As part of the Mulkear Life project (www.MulkearLife.com), a ramp pass was installed on a weir at Annacotty on the Lower River Mulkear for the purpose of allowing sea lampreys to pass this obstacle. In numerous media releases it has been claimed that this pass allows lampreys to pass over this weir. But does this really work? and is this a suitable mitigation approach for assisting lampreys pass barriers like this? Is this “good news for lampreys“, or will it result in ineffective passes being installed on other rives? Is this “restoring the Lower Shannon Special Area of Conservation” ? or just hype? Lets look at the evidence.
Three species of lamprey occur in the River Mulkear and it is clear that this ‘pass’ is well beyond the swimming and climbing capabilities of river lampreys or brook lampreys. With reference to the current scientific literature this pass is also unlikely to be of any significant use to sea lampreys, and as yet no data is available to show that this pass works. Sea lampreys can to some extent pass through the denil fish pass at the centre of Anacotty weir, and they have been recorded spawning upstream of Annacotty in the past. Results from a 2012 study of ammocete populations in the river by ECOFACT confirmed that some sea lampreys do get past the three obstacles in the lower reaches of the river, and that this has been happening prior to the installation of the experimental pass based on the age of the ammocoetes encountered (Ecofact, unpublished 2012 commercial report).
During radio tagging work on sea lampreys undertaken by Mulkear Life during 2011, sea lampreys were not recorded passing through the weir at Annacotty. However, some of these lampreys were released above the weir and managed to make their way upstream according to Mulkear Life. Radio tagging work did not show any lampreys using the pass. Based on current understanding of sea lamprey climbing ability it is unlikely to prove to be of any significant value to sea lampreys as they are incapable of the “attach-twitch-attach” climbing ability that other lampreys species have (i.e. Entosphenus tridentatus).
A key paper here is the following:-
- Reinhardt, U.G., Binder, T., and Gordon McDonald, D. (2009) Ability of adult sea lampreys to climb inclined surfaces. Pages 125-138 in Brown, L.R., Chase, S.D., Mesa, M.G., Beamish, R.J. In: Moyle, P.B, editors. Biology, management and conservation of lampreys in North America. American Fisheries Society, Symposium 72, Bethesda, Maryland.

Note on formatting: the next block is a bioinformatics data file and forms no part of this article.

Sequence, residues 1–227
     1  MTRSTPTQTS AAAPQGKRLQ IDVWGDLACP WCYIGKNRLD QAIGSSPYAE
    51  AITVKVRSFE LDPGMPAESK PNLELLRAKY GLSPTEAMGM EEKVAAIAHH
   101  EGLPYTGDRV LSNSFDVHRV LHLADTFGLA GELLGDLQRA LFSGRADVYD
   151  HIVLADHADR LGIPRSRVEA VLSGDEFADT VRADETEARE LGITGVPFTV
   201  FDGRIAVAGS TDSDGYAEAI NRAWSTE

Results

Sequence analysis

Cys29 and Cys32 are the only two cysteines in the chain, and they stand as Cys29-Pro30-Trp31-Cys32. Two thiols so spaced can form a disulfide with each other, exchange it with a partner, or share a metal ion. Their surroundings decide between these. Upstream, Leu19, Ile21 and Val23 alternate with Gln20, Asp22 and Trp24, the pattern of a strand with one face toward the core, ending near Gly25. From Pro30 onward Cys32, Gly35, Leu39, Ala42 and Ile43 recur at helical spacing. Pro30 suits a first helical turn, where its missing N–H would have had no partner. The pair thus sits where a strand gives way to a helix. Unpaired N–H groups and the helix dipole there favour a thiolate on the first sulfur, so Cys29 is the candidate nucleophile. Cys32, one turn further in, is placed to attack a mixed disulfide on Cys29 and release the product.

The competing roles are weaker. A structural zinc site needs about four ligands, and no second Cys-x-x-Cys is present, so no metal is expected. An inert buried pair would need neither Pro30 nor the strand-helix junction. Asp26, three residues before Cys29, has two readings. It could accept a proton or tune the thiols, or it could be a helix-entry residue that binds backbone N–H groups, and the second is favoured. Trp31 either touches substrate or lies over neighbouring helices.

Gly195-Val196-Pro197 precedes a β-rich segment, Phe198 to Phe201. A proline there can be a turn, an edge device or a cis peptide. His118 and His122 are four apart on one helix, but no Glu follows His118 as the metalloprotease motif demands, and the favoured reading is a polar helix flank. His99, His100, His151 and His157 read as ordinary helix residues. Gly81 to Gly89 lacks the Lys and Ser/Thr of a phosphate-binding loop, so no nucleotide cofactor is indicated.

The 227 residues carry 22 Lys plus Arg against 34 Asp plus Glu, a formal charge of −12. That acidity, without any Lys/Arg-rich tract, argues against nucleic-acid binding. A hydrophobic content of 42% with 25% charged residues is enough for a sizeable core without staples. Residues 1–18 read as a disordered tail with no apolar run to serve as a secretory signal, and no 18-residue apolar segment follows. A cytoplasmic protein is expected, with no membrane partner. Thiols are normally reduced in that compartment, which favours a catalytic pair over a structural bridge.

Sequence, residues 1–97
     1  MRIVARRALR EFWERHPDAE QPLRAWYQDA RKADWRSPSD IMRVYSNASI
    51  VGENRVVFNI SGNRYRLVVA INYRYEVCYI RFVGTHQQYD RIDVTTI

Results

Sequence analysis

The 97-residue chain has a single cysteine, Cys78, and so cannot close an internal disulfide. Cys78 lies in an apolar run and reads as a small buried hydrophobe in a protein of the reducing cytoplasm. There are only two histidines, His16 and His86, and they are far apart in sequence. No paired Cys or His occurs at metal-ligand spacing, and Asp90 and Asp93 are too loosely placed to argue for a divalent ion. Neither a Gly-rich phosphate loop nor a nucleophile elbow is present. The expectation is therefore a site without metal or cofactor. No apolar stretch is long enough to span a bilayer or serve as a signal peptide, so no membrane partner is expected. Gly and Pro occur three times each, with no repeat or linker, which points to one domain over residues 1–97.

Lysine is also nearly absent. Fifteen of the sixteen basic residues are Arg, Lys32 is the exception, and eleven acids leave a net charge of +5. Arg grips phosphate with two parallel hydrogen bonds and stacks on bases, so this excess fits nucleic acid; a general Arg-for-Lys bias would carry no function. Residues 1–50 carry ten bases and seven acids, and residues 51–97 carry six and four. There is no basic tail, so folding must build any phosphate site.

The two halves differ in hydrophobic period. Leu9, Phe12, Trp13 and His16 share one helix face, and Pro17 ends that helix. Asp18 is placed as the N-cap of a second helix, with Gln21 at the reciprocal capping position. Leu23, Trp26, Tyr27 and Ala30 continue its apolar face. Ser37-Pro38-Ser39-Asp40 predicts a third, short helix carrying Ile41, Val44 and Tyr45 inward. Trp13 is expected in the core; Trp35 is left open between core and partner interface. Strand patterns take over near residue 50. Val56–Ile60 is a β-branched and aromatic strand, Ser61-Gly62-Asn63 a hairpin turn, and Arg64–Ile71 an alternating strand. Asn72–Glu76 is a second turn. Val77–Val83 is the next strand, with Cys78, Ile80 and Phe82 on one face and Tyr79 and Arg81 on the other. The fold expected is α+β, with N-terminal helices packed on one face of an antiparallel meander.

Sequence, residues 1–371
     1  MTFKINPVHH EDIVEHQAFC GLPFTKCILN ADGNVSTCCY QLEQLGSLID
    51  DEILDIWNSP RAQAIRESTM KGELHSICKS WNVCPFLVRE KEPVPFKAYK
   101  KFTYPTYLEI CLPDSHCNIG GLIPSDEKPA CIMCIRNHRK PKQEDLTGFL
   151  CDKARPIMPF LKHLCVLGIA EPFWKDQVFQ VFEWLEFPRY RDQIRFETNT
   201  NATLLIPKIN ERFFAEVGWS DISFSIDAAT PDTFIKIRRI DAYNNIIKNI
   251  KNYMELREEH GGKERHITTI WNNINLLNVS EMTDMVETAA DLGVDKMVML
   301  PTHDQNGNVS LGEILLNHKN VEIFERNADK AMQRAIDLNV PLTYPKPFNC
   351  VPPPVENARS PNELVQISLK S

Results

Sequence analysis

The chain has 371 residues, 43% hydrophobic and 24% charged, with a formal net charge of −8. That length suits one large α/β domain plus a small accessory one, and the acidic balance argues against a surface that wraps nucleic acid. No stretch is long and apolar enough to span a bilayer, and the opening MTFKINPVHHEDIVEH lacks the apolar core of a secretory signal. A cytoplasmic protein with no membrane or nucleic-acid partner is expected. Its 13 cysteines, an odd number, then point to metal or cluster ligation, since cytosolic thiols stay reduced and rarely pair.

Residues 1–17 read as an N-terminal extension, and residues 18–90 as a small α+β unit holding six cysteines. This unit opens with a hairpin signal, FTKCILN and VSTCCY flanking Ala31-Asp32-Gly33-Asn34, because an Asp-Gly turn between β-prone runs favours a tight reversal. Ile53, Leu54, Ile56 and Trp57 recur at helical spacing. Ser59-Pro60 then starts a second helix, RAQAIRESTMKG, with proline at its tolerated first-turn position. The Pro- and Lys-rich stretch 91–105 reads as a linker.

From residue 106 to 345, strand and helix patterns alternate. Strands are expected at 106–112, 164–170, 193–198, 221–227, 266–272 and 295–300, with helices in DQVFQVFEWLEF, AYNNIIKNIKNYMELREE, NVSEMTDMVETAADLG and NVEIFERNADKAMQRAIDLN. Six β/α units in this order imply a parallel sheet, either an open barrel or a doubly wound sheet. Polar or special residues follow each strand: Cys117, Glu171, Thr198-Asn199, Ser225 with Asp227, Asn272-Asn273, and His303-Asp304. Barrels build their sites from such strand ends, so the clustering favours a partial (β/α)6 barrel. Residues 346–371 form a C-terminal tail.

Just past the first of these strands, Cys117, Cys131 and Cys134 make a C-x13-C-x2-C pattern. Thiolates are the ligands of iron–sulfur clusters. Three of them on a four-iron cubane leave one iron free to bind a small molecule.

Reinhardt et al (2009) state “we found no evidence, in either a laboratory or field setting that sea lampreys can climb up wetted surfaces using an attach-twitch-attach strategy“. Reinhardt et al. (2009) also state “Lampreys often attached themselves to the ramp, but without a gain of vertical height between repeated attempts” and that “Only ramps of shorter than half the body length of the lamprey could be surmounted”. They note that “The lampreys had to have their dorso-ventral fins fully submerged in the downstream pool to create enough propulsion to scale a ramp”. They found that “Independent of ramp angle, no fish passed over a 30cm ramp”. Reinhardt et al. (2009) also state also state that “an analyses of 1,300 passage attempts in a field-validation experiment showed a greater apparent motivation to move up a ramp, but reconfirmed our laboratory findings on passage technique and maximum performance”.
Mulkear Life also stated that lampreys were attracted to their ramp, and their videos are actually consistent with the Reinhardt et al. (2009) conclusion. Although the Reinhardt et al. (2009) concerned North American landlocked sea lampreys, which are smaller than European anadromous sea lampreys, it is noteworthy that no actual scientific data has been presented to show that lampreys can climb the Mulkear Life pass.
It is noted that the protrusions placed on the Mulkear Life lamprey ramp do little to slow flow velocities across the ramp over the vast majority of flows. We are essentially dealing with a ramp like the Reinhardt study here. The important issue is that there is no science behind this. No scientific method has been followed to demonstrate that this lamprey pass works. It is the opinion of Lamprey Conservation and Management, that the experimental Mulkear Life pass offers (1) little or no help to sea lampreys in the River Mulkear, (2) no help to river and brook and lampreys, and that anadromous lampreys are still generally confined to below Annacotty Weir on the Mulkear River. More worrying, we are of the opinion that the Mulkear Life experimental ‘lamprey pass’ on the Mulkear may be counter-productive as it may expose the lampreys to increased predation. Over the majority of flow conditions it is clear that this ramp would offer little or no assistance, and no scientific evidence has been presented to date to suggest that this would be a suitable solution for this site. We are also very concerned that this pass is being presented as a success story, and that this general design is being recommended for other sites.
In 2012 Mulkear Life installed another of these ramps at Ballyclough Weir, which the third obstacle to lamprey migration as you move upstream on the Mulkear (the second being Inland Fisheries Ireland’s crump weir). In July 2013 Mulkear Life decided to remove this weir (during the sea lamprey spawning season) and our staff found the ramp dumped at the site during August 2013. Perhaps, Mulkear Life also have come to the conclusion that these ramps do not work.
- For more on the story of Ballyclough weir please click here.